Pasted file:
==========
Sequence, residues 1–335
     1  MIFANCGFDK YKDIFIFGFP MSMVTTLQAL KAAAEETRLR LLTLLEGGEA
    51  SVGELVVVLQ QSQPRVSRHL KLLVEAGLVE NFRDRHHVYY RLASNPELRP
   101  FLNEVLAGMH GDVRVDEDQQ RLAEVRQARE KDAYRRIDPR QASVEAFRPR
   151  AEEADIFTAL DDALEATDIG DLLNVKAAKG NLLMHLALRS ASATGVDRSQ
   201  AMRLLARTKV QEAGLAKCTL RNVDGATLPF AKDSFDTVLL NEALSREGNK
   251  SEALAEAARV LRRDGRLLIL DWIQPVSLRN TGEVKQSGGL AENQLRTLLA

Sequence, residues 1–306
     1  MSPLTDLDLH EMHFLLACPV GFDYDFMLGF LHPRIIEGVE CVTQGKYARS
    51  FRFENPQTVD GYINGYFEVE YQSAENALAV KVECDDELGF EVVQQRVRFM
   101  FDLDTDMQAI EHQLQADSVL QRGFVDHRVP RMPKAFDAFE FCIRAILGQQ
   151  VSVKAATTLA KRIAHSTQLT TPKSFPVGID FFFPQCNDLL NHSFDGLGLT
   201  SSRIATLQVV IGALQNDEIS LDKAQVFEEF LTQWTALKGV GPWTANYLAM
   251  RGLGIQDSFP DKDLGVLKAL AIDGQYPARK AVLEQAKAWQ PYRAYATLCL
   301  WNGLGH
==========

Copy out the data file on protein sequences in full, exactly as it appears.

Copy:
Sequence, residues 1–335
     1  MIFANCGFDK YKDIFIFGFP MSMVTTLQAL KAAAEETRLR LLTLLEGGEA
    51  SVGELVVVLQ QSQPRVSRHL KLLVEAGLVE NFRDRHHVYY RLASNPELRP
   101  FLNEVLAGMH GDVRVDEDQQ RLAEVRQARE KDAYRRIDPR QASVEAFRPR
   151  AEEADIFTAL DDALEATDIG DLLNVKAAKG NLLMHLALRS ASATGVDRSQ
   201  AMRLLARTKV QEAGLAKCTL RNVDGATLPF AKDSFDTVLL NEALSREGNK
   251  SEALAEAARV LRRDGRLLIL DWIQPVSLRN TGEVKQSGGL AENQLRTLLA

Sequence, residues 1–306
     1  MSPLTDLDLH EMHFLLACPV GFDYDFMLGF LHPRIIEGVE CVTQGKYARS
    51  FRFENPQTVD GYINGYFEVE YQSAENALAV KVECDDELGF EVVQQRVRFM
   101  FDLDTDMQAI EHQLQADSVL QRGFVDHRVP RMPKAFDAFE FCIRAILGQQ
   151  VSVKAATTLA KRIAHSTQLT TPKSFPVGID FFFPQCNDLL NHSFDGLGLT
   201  SSRIATLQVV IGALQNDEIS LDKAQVFEEF LTQWTALKGV GPWTANYLAM
   251  RGLGIQDSFP DKDLGVLKAL AIDGQYPARK AVLEQAKAWQ PYRAYATLCL
   301  WNGLGH